The Vision of St. Bernard and Baxandall

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Filippino Lippi, The Vision of St. Bernard, 1480

Filippino Lippi's The Vision of St. Bernard portrays the St. Bernard in an outdoor with a desk made from stone and branch. This is different than setting the usual setting where the St. would be in the church. He receives a vision of the Virgin. Above him, two monks look towards the heavens and further above a sick man is being carried down the hills towards the building.

Using Baxandall's knowledge of composition, we know that pictures are composed of bodies, which are composed of parts, which are composed of plane surfaces. The rocks, angels, and the Virgin help create a pyramid with St. Bernard as the subject.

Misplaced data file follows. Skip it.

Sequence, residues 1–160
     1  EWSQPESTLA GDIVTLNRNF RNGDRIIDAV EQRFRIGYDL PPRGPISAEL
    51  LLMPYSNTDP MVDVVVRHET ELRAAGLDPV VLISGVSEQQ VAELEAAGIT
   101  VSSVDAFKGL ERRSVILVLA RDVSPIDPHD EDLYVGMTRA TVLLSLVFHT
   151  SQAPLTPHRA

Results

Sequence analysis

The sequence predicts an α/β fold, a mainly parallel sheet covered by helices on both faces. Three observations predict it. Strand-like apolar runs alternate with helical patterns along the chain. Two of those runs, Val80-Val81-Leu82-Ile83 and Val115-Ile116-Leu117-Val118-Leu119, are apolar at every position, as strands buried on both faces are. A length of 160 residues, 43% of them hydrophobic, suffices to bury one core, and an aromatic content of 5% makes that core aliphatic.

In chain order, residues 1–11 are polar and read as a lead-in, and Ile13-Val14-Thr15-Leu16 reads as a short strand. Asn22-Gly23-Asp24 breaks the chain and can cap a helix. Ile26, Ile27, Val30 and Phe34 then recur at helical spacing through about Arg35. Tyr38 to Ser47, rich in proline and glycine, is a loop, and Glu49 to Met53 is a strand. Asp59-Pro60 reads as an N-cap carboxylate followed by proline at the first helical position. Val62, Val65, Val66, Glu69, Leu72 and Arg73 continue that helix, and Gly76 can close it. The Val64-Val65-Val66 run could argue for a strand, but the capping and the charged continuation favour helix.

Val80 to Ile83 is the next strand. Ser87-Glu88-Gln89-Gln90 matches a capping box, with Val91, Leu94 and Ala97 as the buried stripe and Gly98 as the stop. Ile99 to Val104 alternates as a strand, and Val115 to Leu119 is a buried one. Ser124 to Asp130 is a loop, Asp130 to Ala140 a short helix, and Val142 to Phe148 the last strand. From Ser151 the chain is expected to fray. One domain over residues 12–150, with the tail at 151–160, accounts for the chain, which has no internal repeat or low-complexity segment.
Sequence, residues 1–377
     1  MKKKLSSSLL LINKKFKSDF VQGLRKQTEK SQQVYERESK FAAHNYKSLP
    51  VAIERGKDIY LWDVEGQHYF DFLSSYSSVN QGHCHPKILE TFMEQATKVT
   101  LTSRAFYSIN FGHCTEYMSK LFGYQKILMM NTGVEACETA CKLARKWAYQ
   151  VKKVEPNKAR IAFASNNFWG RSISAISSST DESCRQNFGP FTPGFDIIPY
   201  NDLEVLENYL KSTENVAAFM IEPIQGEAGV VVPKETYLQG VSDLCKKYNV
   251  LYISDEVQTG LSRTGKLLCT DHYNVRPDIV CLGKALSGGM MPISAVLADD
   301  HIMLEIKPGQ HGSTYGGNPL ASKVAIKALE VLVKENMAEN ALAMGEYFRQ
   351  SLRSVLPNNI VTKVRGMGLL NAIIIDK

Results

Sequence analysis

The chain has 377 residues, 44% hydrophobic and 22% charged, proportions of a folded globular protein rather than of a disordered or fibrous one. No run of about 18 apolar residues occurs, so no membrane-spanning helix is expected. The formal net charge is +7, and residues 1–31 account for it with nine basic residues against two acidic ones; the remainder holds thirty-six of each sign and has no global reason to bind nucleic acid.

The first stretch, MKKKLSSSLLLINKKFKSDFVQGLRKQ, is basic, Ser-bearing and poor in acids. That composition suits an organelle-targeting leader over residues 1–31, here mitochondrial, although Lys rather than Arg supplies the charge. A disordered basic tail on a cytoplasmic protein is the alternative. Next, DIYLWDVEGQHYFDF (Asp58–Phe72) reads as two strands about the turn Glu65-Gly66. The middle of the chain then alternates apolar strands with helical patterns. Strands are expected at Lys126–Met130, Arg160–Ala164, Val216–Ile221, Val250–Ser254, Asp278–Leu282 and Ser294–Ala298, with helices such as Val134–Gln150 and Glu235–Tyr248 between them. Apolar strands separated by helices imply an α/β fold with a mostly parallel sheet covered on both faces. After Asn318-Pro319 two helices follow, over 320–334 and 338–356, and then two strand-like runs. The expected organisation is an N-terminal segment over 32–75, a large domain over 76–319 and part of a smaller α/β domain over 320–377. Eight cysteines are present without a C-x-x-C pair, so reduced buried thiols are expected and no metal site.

Naturally, the eye is drawn to Mary's beautiful robes that contrast in color and texture to the value of colors of the other figures in the painting. The vibrant colors add visual excitement to this piece. Baxandall writes, "There were expensive colors, blues made from lapis lazuli or reds made from silver and sulphur, and there were cheap earth colors like ochre and umber. The eye was caught by the former before the latter." Indeed.

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